The useful 25" maps for the rest of the country are not available (yet?) on subscription from the tile server -- if I were to include them Templot would be infringing the NLS licence terms. So for those you must still make your own screenshots -- see the link above.

However, OpenStreetMap (OSM) will also be available -- despite the similar-sounding name this has no connection with the OS. It is created by every man and his dog as a free open source worldwide project. In fact I have been on there today adding some local details -- it can be very addictive. See:

http://openstreetmap.org/about

regards,

Martin.
40 years developing Templot. And counting ...

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Allan Goodwillie
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Re: Wemyss Private Railway - Scott's Road - Allan Goodwillie

Postby Allan Goodwillie » Sun Aug 06, 2017 9:04 pm

This week went reasonably well and I now have a pile of material all cut and the underframe end pieces, legs and sides and the board ends cut and drilled. A couple of photographs showing progress. :)

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Frame and board ends made in aluminium, cut drilled and ready for assembly.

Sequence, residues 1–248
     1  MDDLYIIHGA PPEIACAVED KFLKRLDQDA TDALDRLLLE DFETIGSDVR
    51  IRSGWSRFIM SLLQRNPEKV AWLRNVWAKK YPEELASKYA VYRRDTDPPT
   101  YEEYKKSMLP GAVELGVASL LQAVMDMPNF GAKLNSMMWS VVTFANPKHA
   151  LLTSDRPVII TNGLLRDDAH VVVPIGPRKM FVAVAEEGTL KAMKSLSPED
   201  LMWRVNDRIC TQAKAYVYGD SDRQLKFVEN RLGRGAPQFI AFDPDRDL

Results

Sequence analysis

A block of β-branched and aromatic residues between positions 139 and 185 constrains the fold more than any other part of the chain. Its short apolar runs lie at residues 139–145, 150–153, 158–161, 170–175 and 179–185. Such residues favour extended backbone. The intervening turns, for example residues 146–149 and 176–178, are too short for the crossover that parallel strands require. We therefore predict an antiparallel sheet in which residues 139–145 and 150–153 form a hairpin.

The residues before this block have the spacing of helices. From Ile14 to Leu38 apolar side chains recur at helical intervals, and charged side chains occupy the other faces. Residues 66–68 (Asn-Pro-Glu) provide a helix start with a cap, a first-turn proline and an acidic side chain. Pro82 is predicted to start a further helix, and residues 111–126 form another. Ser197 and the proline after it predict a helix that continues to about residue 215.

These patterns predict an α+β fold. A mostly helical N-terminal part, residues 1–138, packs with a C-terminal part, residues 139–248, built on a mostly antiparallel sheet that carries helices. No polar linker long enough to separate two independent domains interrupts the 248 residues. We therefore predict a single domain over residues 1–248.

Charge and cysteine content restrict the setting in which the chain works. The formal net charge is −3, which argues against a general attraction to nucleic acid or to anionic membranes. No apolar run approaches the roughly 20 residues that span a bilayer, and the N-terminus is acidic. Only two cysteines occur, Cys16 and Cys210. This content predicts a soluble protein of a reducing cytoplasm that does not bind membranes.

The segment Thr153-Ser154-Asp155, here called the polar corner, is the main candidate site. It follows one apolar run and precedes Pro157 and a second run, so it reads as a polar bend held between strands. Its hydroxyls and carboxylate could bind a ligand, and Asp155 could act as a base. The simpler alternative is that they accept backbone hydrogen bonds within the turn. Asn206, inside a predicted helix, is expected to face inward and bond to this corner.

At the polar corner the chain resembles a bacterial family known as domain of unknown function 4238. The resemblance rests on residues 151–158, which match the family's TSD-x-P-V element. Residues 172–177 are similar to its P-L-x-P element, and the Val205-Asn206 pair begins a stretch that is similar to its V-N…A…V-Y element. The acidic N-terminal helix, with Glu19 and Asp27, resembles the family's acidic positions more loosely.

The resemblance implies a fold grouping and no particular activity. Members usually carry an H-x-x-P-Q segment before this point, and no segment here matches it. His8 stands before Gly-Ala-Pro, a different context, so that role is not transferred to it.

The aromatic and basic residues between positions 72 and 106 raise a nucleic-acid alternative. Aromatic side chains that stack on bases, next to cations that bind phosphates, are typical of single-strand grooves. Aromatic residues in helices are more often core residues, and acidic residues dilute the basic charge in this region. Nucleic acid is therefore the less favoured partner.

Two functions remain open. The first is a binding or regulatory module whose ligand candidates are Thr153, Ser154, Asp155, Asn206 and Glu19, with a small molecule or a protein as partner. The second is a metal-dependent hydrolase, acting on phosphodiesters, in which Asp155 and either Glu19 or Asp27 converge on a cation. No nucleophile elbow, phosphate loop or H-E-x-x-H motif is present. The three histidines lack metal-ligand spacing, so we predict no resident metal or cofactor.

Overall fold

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Legs and side frames all ready to be drilled and fitted.


As you can see the layout is going to be made mainly from lightweight materials, if I can get a couple of days this week it may allow me to get the frames, legs and first baseboards assembled. I have a Chinese friend coming to stay for a couple of days, so we will see how things go as we are supposed to be going out to take some landscape photography and visit the Edinburgh Festival.

The layout is going to be an exercise in lightweight materials, with a minimum of wood used. Quick to assemble and knock down. Easy to build and maintain. It must be exhibition robust and use a carrying frame to fit the layout into a car.

Providing there is enough development this week I may have a few of the under frames assembled by next week. :thumb

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Re: Wemyss Private Railway - Scott's Road - Allan Goodwillie

Postby Allan Goodwillie » Mon Aug 14, 2017 8:38 pm

Far less progress this week :( as I was helping to repair another layout, spent some time on Burntisland since it is being worked on and did some remedial work on my Burntisland engines. I have been busy on the Wemyss layout today, but no photographs at the moment. I have been trying to get the key centre frame section made up and may complete it tomorrow. It is the most complex one and if I can get it cracked all the others are simpler and of a similar design - so hoping to rattle them off later on in the week. Lack of progress during the week has also been due to having a Chinese photographer friend to stay and going out on Safari with him as it were. I had him out at 1.30 in the morning to take photographs of the Forth Bridge in the moonlight. Being a professional I do not want to publish his photos here, however I now have a great screen image! :D